They did all seem to like Sutton for the most part – he’d heard Mrs Perry complain about Sutton reorganising the larder, even though part of this had been putting in more shelves suited to Mrs Perry’s height, and Sutton had quarrelled with Tom about coming into the house in his mud-stained trousers, although Alexos didn’t know the precise nature of that disagreement, nor its resolution.
He did know that Sutton had wrought a lot of changes in his time thus far, and that he seemed to be well-suited to his position, as much as his uncle had been.
He hadn’t yet, of course, had to assist Alexos like this – Reginald Sutton had had to help him not irregularly, but ordinarily, it was Brydon, and whenever it was Felix or one of the maids that knocked when he fell, regardless of his state of dress, Alexos asked that they fetch him.
It wasn’t about modesty – it was bad enough that the rest of the house sometimes saw him fall on the stairs or stumble elsewhere, but he looked at his most pathetic in the mornings, and when he fell on the stairs, at least it looked suitably dramatic. When he fell in the bathroom or the bedroom and needed help, it was normally a bad fall, but didn’t loo as though it were something that ought have caused him injury.
“I slipped,” said Alexos. He felt like drowning in shame – he’d wiped off the stains from his thighs and his cock when he’d stripped off his nightclothes, so at least he wasn’t wet with his own emissions like he was fresh from some brothel, but this was no great comfort when one was sat on one’s arse, wearing not a stitch, and being tended to by one’s new butler. “You’re a month in, Mr Sutton. Do you find yourself suited to a household made up of one gentleman and his defective son?”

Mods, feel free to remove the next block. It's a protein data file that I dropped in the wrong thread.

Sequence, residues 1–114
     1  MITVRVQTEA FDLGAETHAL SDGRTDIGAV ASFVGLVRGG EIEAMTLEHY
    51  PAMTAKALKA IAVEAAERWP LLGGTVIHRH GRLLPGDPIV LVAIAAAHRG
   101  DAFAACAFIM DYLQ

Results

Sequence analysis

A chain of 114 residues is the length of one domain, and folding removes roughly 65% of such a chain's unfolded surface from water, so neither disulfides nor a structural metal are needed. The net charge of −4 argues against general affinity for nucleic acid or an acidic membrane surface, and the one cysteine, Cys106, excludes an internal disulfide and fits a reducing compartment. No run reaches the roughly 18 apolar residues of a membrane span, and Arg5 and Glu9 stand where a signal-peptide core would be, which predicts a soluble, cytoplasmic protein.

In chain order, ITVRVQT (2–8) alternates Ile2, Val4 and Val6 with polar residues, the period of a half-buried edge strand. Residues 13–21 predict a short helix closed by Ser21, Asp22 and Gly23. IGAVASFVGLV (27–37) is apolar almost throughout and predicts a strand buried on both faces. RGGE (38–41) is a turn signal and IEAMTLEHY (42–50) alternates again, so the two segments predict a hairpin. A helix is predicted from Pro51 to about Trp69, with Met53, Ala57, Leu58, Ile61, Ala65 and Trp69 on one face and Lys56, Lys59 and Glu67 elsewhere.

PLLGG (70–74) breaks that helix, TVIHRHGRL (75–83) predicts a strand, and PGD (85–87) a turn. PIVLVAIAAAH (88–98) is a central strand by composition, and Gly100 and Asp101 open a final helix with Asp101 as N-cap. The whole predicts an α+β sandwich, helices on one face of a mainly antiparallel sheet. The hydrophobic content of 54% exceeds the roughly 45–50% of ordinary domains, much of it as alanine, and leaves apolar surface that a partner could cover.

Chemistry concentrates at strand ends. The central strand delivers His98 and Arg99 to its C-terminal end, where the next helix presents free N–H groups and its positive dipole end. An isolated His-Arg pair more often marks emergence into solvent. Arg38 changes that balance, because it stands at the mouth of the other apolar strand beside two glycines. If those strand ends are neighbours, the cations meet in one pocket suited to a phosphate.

“I couldn’t say, sir, belonging to no such household,” replied Sutton immediately, with not even the mildest of hesitation, and giving him quite a stern look. “Unless the defect you refer to is self-pity.”
Alexos, despite himself, laughed. It was a soft, defeated sound, but to his surprise, just laughing made him feel better, and he watched Sutton’s handsome hands dip through the water again, swirling the bubble bath and the salts in the water and spurring the froth to multiply.
“You are your uncle’s nephew, Sutton,” said Alexos softly. “You scold a man in much the same manner.” He sighed, pressing his face to the bath’s side and trying to ignore the tremors of pain juddering up his side – his bad leg was awkwardly laid at his side, because he hadn’t been able to force himself to bend the knee and get it beneath him, but that was not to say that this position was comfortable.
“Shall I fetch you something for the pain?” asked Sutton cautiously.
Sutton didn’t have the script for this situation, was feeling out his way – evidently, none of his previous households had featured the presence of infirm, crippled old men, let alone young ones.
“I’ve no interest in being dashed out of my skull on the codeine all day,” muttered Alexos, aware that he was speaking irritably and feeling a distant guilt about it, “and the aspirin won’t do much, I’m afraid. The hot water will soothe pain, relax the strained muscle, and hasten the healing process. I just landed badly on already scarred tissue, that’s all, Mr Sutton. No sense going to pieces over it.”